Highlight, Lowlight, Demi- or Semi-Permanent: What’s the Best Color Technique for You

So you want to color your hair. The good news is that you have a lot of options. But knowing which technique is right for you can feel overwhelming if you’re new to color treatments. Thankfully your SmartStyle styist is here to help.

But before you head in, here’s a quick overview of the most popular in-salon techniques and the pros and cons.


While permanent hair color isn’t really permanent—it eventually fades in time—one benefit is that it has the ability to lift natural, non-color treated hair. (Note: It does not have the ability to lift pre-existing, artificial hair color.)

Another benefit is that ammonia works by softening the hair so that the cuticle swells, which allows the color to penetrate into the hair shaft versus just the outer layer, as with temporary and semi-permanent hair color.

Long brunette hair with hair color

Because the results are longer lasting, the downside is that if you’re not happy with the results, “fixing” it will be more challenging.

Lastly, permanent hair color also is the only color product that can cover gray 100 percent.


Demi-permanent hair color is great for trying out a new hair color because it fades in about 4-6 weeks, depending on your hair’s condition. It contains low or no ammonia, so it’s gentler on hair.

Keep in mind, it doesn’t completely cover grays but can be used for gray blending.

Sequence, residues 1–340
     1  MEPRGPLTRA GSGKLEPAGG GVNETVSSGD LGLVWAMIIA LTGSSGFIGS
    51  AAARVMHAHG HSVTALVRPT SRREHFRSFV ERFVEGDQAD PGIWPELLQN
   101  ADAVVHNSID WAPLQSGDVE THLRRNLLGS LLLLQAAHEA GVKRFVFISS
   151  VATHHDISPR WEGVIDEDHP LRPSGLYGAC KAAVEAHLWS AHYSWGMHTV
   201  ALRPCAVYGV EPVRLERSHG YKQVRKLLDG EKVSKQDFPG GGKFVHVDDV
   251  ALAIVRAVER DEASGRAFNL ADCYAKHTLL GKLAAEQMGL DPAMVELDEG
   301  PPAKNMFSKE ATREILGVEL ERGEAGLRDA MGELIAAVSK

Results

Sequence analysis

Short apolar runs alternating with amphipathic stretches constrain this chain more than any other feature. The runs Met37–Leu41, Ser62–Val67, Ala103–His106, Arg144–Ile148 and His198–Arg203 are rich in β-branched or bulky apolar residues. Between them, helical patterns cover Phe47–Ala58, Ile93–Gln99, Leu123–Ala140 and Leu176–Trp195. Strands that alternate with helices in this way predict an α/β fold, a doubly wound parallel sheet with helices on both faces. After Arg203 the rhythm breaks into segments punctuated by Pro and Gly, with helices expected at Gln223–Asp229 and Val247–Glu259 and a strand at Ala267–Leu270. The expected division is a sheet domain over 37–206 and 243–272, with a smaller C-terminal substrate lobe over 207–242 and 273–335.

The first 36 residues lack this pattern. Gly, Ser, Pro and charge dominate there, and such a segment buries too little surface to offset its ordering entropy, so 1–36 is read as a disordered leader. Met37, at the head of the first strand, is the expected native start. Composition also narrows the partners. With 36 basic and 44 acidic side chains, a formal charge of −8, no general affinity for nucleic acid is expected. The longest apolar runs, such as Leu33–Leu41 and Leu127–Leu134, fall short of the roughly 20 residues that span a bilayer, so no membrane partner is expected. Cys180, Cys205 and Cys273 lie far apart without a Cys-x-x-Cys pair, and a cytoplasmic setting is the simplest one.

While semi-permanent hair color isn’t permanent, it fades gradually so you don’t have a noticeable regrowth line. It’s more natural looking and is ideal for grey blending. And similar to demi-permanent, it contains no ammonia nor peroxide. It can last up to 24 shampoos.

To help keep your color looking fresh, give color protection products a try, like Redken Color Extend shampoo and conditioner.


Highlights do what the name implies. They’re meant to mimic natural highlights that come out after a few hours in the sun. Highlights create a lighter appearance and require retouching every 6-12 weeks.

Highlighting and low lighting are both partial coloring techniques. Hair is either blocked off or sectioned to target the parts of hair you want colored.


Lowlights work like highlights but instead of lightening hair, your stylist will darken strands of hair with colors that are the same level or darker than your natural color to create contrast. Lowlights need retouching about ever 4-8 weeks.

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Style Tip
Don't forget to shampoo color-treated hair with cool water. This reduces fading.
Style Tip